A very simple typo resulted in a bug:
if( myTest.find(“o” < 0)) //should be find(“o”) < 0
//never gets here, regardless of find() test contents
Notice how the simple mis-placement of the ) on find() leads to this error, albeit compiled correctly. The compiler is actually converting this to pointer arithmetic and the address of the “o” string is always something and cannot be less than zero; hence this is always false. Switching to std::string yields the same:
if (std::string::npos != test.find(“123” < 0)) return 1;
return foo; //returns 0 (zero)
This test was done w/ Visual Studio 2015 and default warning level of 3. So what can be done?
(style) A pointer can not be negative so it is either pointless or an error to check if it is.
It’s weak in that errors should be more aggressively pointed out to err on the side of safety. But let’s not loose sight of the positive: it is helpful.
Alternatively, if the warning level is set to 4, a warning is generated:
‘<‘ : logical operation on address of string constant
This is good news!
If one is really pedantic, try compiling your code against a totally different compiler, such as gcc. On my Mac, this won’t even compile. However, using std::string::npos makes the original error even more difficult. It’s completely illogical and hurts to even visually scan it.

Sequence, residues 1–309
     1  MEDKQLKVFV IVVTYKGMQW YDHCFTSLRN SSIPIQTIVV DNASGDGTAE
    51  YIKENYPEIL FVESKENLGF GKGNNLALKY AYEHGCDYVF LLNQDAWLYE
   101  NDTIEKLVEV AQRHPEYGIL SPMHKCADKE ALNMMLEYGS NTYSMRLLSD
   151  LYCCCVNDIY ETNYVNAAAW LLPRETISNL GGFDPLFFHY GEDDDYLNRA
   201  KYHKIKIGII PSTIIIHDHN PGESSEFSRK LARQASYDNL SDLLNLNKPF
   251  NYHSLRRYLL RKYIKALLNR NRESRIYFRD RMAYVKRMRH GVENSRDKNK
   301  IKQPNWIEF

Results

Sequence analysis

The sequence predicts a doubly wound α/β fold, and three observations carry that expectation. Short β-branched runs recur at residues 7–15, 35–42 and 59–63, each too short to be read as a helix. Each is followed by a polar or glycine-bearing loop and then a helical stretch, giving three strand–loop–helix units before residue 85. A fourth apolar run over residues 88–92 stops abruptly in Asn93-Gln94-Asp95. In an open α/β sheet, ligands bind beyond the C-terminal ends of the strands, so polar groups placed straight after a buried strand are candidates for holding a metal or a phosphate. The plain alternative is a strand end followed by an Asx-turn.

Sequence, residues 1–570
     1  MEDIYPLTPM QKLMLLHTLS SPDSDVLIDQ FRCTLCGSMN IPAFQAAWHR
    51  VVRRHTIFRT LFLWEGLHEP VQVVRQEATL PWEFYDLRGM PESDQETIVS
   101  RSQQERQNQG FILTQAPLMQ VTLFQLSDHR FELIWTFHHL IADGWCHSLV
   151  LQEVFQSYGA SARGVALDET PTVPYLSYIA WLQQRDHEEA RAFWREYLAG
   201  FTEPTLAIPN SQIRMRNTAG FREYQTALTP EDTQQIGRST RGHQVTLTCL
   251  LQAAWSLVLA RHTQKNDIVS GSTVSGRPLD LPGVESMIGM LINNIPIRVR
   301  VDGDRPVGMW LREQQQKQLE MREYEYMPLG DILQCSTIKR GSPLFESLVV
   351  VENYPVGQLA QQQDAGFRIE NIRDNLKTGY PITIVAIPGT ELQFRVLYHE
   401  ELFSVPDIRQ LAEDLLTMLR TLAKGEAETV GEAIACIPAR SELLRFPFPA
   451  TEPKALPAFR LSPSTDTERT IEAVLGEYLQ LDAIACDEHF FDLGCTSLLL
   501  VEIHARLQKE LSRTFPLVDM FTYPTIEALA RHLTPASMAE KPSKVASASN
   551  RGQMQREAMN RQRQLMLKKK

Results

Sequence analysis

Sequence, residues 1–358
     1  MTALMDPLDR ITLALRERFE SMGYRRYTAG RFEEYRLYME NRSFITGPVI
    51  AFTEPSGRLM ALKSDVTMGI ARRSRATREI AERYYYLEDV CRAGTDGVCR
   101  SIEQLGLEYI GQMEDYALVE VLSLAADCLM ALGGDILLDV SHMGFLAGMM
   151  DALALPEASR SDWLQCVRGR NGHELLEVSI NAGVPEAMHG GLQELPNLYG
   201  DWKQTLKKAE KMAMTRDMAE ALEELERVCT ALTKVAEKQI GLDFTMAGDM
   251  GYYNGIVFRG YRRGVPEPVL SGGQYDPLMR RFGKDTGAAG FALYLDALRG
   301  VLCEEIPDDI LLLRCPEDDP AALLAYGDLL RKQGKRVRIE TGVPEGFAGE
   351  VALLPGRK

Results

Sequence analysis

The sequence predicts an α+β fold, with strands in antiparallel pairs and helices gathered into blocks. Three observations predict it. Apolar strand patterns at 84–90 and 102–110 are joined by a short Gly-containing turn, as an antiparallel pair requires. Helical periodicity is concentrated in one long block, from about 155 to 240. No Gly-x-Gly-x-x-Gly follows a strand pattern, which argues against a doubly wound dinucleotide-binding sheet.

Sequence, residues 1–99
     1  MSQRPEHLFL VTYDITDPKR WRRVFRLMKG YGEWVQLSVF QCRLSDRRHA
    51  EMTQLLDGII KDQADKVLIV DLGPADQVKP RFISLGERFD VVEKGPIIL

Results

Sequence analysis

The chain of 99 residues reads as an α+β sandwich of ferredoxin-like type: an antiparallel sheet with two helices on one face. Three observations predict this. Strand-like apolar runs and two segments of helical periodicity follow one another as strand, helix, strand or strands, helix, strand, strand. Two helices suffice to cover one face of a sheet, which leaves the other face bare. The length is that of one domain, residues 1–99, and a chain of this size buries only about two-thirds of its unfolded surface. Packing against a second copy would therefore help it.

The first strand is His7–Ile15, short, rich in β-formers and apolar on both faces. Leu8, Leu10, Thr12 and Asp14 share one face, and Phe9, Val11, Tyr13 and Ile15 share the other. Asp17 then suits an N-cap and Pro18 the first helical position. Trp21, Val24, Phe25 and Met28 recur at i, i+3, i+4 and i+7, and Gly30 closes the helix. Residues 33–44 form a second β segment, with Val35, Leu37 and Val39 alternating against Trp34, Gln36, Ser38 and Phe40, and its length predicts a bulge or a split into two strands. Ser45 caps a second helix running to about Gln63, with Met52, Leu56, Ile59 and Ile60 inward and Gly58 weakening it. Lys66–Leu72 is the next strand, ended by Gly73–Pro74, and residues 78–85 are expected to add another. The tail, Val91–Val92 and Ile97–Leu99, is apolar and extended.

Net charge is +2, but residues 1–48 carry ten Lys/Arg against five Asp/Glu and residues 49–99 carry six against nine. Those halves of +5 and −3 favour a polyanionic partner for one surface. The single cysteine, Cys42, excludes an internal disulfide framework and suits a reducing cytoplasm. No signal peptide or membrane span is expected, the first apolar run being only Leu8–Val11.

So then, getting back to the main point: what tools or actions are available to help ensure legacy code is great?
- Temporarily compile with more advanced compiler versions
- Temporarily compile with stronger warnings
- Use tools such as Cppcheck to 2x check your code
- Try compiling with a completely different compiler
- Limit use of platform or library data types such as ‘CString’ to where it’s absolutely needed. Use std::string as much as possible.
Today we have great tools: SSD drives, RAM, multi-processors, caches, etc. These resources give us a great opportunity to experiment, validate & grow while doing your daily work. The only thing your team will notice is higher quality work.
To quote David Cutler: “If you don’t put bugs in, you don’t have to take them out.”